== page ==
"The important message seemed to be that you had to have a place. Whether or not it did justice to whatever you felt you were about, there had to be some place to refuel and check your flaps. In times of need and great instability, the place sometimes became more of a definition than the substance of why you needed it to begin with. Sometimes the retreat became the reality. The writers who posed in cafes talking their work to death without writing two words; the lesbians, virile as men, hating women and their own womanhood with a vengeance. The bars and the coffee-shops and the streets of the Village in the 1950s were full of non-conformists who were deathly afraid of going against their hard-won group, and so eventually they were broken between the group and their individual needs."
~Audre Lorde, "Zami: A New Spelling Of My Name" (p.225)
Another brilliant observational piece of wisdom from Audre Lorde. Again, even outside of the original context of same-gender relationships, Lorde's observations on human community are extremely accurate and relevant. Lorde also reaffirms here what I was feeling recently about Pan Africanism and notions of cultural, tribal, political and national unity (link).
And the fork in the road that occurs among brothers and sisters, where some inevitably take the wrong fork because the Maroon community (link) we build on this land just seems to never be efficient enough to help us all. Lorde touches on it at the end of this passage, so precisely and clear, reminding me of my father's stories about his own growth into manhood and him seeing his black male brothers fall to the wayside, and me sensing underneath it all a wish that their community could have somehow been stronger (link).
The rest of the passage is below, after the continued:
Unfortunately there are moments where you have to choose between your own integrity (according to YOUR individual/local values) or the survival of the larger group, which sometimes requires the sacrifice or compromising of your individual values. Sometimes compromise can be made without much stress. But other times -- like when my pops walked out of a local Black Panther meeting because they were discussing a strategy for robbing white folks' homes and stealing their guns -- the group isn't worth sacrificing your values for. Sometimes it is. What's deep about all this is that moment, that fork, that line in the sand, etc. is a call only you can make as an individual, according to who you know yourself to be and what that self values most in life.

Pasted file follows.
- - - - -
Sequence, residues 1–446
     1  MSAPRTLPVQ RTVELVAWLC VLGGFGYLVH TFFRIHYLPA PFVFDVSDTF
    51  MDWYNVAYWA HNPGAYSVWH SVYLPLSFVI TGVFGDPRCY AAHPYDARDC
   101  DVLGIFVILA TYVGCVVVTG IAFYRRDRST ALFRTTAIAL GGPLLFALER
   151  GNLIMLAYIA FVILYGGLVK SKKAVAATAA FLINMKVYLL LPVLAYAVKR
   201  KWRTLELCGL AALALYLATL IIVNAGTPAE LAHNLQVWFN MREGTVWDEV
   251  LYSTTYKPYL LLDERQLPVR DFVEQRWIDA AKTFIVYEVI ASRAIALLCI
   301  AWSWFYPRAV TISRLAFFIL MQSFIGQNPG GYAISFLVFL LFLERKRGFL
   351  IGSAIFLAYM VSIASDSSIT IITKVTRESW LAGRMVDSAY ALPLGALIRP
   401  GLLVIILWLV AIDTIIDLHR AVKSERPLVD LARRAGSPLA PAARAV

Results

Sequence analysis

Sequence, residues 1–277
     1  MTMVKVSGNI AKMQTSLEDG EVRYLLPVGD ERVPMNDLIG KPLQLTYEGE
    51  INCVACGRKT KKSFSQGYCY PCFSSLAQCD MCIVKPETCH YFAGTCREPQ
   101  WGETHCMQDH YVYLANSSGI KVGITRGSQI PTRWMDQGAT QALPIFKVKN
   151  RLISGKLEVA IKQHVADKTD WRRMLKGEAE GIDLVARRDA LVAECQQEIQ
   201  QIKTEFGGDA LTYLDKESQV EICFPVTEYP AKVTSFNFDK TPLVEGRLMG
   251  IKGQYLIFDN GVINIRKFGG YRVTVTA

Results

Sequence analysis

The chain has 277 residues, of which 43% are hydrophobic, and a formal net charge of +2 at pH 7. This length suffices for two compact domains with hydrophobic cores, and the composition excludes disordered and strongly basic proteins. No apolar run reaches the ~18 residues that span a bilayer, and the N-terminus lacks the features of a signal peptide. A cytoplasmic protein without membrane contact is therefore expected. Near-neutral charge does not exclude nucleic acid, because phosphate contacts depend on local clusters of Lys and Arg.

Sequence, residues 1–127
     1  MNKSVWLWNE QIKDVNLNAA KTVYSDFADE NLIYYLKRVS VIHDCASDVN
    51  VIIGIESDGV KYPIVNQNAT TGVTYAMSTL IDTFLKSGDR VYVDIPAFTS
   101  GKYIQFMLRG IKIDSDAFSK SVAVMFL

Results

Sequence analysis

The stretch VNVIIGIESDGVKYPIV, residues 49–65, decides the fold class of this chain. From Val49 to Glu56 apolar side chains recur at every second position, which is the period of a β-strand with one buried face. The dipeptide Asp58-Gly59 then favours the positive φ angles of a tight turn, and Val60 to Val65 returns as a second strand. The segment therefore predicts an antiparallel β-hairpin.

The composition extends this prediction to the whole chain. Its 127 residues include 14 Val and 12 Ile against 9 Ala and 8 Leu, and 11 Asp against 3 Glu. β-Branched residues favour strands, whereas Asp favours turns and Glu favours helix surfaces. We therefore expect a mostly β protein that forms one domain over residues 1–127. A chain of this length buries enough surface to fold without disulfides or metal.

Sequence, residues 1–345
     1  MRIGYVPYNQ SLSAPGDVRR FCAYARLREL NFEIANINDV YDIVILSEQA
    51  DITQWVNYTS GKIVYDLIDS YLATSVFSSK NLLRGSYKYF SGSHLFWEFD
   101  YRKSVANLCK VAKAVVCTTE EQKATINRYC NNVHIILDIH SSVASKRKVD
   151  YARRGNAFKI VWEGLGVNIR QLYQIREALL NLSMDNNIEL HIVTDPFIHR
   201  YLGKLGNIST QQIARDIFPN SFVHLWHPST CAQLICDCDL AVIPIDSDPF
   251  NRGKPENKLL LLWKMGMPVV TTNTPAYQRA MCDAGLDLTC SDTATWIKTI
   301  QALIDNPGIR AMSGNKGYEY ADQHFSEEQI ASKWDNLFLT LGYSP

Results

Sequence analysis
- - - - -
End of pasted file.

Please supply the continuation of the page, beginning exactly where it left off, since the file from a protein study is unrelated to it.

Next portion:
Community formed on a foundation of individuals who don't know themselves can never be healthy or sustainable. The required compromises that it's going to take to sustain any group of people, MUST be built on honesty, and that honestly can only exist when a person actually knows himself enough to know when he is being honest with himself. Sounds simple. But it's shocking to learn, through the experiences of my elders, how many of us -- infected with this post-traumatic disease of identity loss, of loosing self -- can't make an honest compromise, not because we are stubborn (even though it appears that way on the surface), rather, we don't know ourselves enough to know when we are compromising something inside of us. Perhaps that, if anything, is one of the greatest losses we've taken as a people, as Africans in America. And I think it has to be one of our greatest "wartime priorities", as we are forced to fight every day to win back, preserve and defend our humanity.
The rest of the passage is below:
"For some of us there was no one particular place, and we grabbed whatever we could from wherever we found space, comfort, quiet, a smile, non-judgment.
Being women together was not enough. We were different. Being gay-girls together was not enough. We were different. Being Black together was not enough. We were different. Being Black women together was not enough. We were different. Being Black dykes together was not enough. We were different.
Each of us had our own needs and pursuits, and many different alliances. Self-preservation warned some of us that we could not afford to settle for one easy definition, one narrow individuation of self. At the Bag, at Hunter College, uptown in Harlem, at the library, there was a piece of the real me bound in each place, and growing.
It was a while before we came to realize that our place was the very house of difference rather the security of any one particular difference. (And often, we were cowards in our learning.) It was years before we learned to use the strength that daily surviving can bring, years before we learned fear does not have to incapacitate, and that we could appreciate each other on terms not necessarily our own.
The Black gay-girls in the Village gay bars of the fifties knew each other's names, but we seldom looked into each other's Black eyes, lest we see our own aloneness and our own blunted power mirrored in the pursuit of darkness. Some of us died inside the gaps between the mirrors and those turned-away eyes.
Sistah outsiders. Didi and Tommy and Muff and Iris and Lion and Trip and Audre and Diane and Felicia and Bernie and Addie.
Addie was Mari Evans beautiful, a wasted sister-soul. Driven as we all were driven, she found ways out that were still alien to some of the rest of us -- harsher, less hidden.
That Sunday afternoon while Muriel and I waited for Flee and our photography lesson, Addie was turning Flee onto smack for the first time in a borrowed apartment across Second Avenue."
~Audre Lorde, "Zami: A New Spelling Of My Name" (p.225-226)
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